Uncategorized

Unit Testing Commands

The WPILib command framework divides your robot program into two types of classes: subsystems and commands.  The subsystem classes represent the major physical parts of the robot, such as a shooter subsystem, a drive-train subsystem, or a manipulator arm subsystem.  The command classes define the actions taken by the subsystems, such as shooting a ball, moving the drive-train, or raising the manipulator arm.

unit_test_commands

Most of your programming time will go into creating, refining and debugging new commands.  Commands will be the most sophisticated part of your code.  Therefore they also have the greatest risk of going wrong.  Therefore you should spend a lot of time testing your commands.

So far we have tested simple functions and verified the primitive functionality in subsystems.  The next step is to created automated tests for your commands.

Testing a simple Command

Our simple example robot contains a Shooter subsystem that shoots balls.  The ShooterSubsystem has a high-speed wheel for throwing the ball, and a servo arm that can raise the ball up until it touches the wheel.  We will need a command to set the wheel speed, and another to control the servo arm.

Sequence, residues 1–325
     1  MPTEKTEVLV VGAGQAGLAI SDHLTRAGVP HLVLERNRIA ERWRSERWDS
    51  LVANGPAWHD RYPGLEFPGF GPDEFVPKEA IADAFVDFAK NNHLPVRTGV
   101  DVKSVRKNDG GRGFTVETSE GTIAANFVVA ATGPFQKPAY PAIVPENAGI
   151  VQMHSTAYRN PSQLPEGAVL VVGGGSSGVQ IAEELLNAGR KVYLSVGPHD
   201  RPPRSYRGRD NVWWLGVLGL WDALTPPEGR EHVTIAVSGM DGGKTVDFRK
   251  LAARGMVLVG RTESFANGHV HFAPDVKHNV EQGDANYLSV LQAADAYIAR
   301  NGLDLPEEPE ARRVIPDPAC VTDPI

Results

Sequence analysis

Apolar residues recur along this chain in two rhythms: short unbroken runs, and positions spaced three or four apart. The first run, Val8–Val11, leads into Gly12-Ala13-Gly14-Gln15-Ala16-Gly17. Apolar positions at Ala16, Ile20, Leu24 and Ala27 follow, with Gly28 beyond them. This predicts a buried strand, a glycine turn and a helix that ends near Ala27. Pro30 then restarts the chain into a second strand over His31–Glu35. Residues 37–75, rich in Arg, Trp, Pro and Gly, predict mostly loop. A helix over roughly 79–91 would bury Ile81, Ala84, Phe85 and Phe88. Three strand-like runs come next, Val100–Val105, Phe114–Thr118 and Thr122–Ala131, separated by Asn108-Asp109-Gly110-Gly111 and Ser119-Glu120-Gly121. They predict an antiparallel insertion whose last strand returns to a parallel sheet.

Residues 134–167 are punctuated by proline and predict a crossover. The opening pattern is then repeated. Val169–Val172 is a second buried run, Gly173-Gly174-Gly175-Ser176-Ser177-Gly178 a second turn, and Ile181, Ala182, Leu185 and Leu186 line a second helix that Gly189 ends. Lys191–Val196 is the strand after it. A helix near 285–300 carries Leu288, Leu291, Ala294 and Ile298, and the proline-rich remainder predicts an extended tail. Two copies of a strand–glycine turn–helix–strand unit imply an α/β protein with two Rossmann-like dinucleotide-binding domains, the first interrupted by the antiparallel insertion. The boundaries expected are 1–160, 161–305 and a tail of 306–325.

A simple Command

Here is the command to raise or lower the servo arm:

package frc.robot.commands;

import edu.wpi.first.wpilibj.experimental.command.*;
import frc.robot.subsystems.*;

public class ShooterServoArmCommand extends SendableCommandBase {

  private final boolean fire;
  private final ShooterSubsystem shooter;

  public ShooterServoArmCommand(boolean fireArm, ShooterSubsystem shooterSubsystem) {
    fire = fireArm;
    shooter = shooterSubsystem;
    addRequirements(shooter);
  }

  @Override
  public void execute() {
    if (fire) {
      shooter.fire();
    } else {
      shooter.retract();
    }
  }

  @Override
  public boolean isFinished() {
    return true;
  }
}

Take note of the two parameters on the constructor:  fireArm and shooterSubsystem.   This command can either raise the arm or lower it, depending on whether the fireArm parameter is true or false.